Making a DIY sign with wood and decorating with stencils is an easy project for beginners and only requires a few simple woodworking tools.
A DIY sign is a simple project for beginners to make. The base of this sign was made using scrap wood, but you can use just about any kind of wood to make your sign. And don’t worry if you can’t paint freehand. I’ll share two techniques that will easily allow you to add visual interest to your sign.
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Thank you to Stencil Revolution for providing the stencil for this project!
For the past few months I’ve been building my Skate-Away Camper, a tiny house inspired DIY truck camper. The project was nearly complete and ready for its first camping trip, but it needed one final touch.
The entryway door looked empty like it was missing something. Maybe a wreath would complete the tiny house look? The trouble was a wreath would fly off the door while traveling at 65 MPH! I was also trying to think of a subtle way to post some info on the door so interested drivers and campers could learn more about the Skate-Away Camper.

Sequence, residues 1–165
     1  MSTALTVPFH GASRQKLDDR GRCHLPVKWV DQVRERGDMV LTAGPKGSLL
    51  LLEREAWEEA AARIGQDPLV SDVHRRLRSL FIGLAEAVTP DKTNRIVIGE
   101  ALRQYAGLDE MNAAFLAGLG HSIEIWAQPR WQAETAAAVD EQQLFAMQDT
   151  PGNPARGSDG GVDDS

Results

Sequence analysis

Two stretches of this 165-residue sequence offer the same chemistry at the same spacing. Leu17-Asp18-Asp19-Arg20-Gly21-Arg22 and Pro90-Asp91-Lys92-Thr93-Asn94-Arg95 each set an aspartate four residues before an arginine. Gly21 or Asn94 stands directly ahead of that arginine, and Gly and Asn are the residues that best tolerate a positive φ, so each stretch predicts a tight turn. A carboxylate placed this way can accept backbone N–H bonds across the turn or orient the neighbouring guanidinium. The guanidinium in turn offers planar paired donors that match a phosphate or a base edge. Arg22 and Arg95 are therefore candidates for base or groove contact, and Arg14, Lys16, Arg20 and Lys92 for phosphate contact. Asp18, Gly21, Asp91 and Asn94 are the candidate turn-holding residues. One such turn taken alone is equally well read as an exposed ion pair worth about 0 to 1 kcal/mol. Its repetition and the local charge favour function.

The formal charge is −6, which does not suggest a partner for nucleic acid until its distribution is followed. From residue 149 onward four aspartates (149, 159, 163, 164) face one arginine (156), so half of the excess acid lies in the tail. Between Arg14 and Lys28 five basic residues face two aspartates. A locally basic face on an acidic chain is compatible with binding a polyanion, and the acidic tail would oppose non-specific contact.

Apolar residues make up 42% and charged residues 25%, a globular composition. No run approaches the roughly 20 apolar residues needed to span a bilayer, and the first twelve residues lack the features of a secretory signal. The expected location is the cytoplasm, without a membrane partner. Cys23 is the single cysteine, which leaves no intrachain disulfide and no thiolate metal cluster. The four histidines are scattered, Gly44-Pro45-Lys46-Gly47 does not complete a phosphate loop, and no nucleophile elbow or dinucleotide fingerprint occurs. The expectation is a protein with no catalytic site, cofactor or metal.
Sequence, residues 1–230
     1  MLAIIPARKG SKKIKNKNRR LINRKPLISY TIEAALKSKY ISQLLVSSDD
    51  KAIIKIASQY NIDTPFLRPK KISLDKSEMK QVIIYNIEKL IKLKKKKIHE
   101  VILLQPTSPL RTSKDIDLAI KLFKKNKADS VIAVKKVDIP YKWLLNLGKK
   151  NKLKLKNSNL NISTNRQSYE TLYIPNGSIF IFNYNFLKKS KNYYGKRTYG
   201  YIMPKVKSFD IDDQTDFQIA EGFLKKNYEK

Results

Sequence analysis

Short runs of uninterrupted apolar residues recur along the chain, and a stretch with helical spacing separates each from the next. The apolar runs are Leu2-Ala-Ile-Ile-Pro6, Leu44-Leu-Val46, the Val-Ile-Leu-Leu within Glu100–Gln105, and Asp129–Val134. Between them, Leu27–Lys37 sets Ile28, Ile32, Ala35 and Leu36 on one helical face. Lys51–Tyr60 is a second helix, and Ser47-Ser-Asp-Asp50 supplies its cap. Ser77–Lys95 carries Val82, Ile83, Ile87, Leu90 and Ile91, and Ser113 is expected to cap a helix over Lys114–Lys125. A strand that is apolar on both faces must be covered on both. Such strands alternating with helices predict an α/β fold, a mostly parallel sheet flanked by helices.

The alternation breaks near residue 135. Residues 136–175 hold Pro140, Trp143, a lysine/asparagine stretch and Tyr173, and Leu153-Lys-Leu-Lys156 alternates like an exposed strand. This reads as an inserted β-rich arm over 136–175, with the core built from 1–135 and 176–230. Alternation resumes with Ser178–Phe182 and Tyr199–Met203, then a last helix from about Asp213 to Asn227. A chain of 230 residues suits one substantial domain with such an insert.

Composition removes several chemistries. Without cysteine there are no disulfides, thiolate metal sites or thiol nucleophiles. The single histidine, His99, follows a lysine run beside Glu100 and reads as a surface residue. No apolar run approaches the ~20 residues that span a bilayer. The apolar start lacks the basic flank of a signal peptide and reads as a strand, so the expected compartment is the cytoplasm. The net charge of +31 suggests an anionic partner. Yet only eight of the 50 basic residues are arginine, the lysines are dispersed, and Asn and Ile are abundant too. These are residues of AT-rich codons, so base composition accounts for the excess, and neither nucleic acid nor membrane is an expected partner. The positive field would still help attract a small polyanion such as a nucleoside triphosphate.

The door didn’t need a wreath. What it needed was a sign. Today I’m sharing how I made this super simple sign and how you can easily make your own DIY sign too.
This sign was made for my specific needs, but you can easily customize your DIY sign for your decor needs. Your sign may say “welcome”, “Autumn”, “The Doyle’s” or something else.
Oh, would you like to see a sneak peek of the camper? Skate over to the How to Spray Paint Doors post for a little sneak of the Skate-Away Camper!
DIY Sign Inspiration
My sign was going to be attached to the door of my camper, so I wanted it to have woodsy, cabin-like feel. I considered several designs, but what inspired this project were those round markers posted on hiking trails. Look around. You can find inspiration just about anywhere!
DIY Sign from Scrap Wood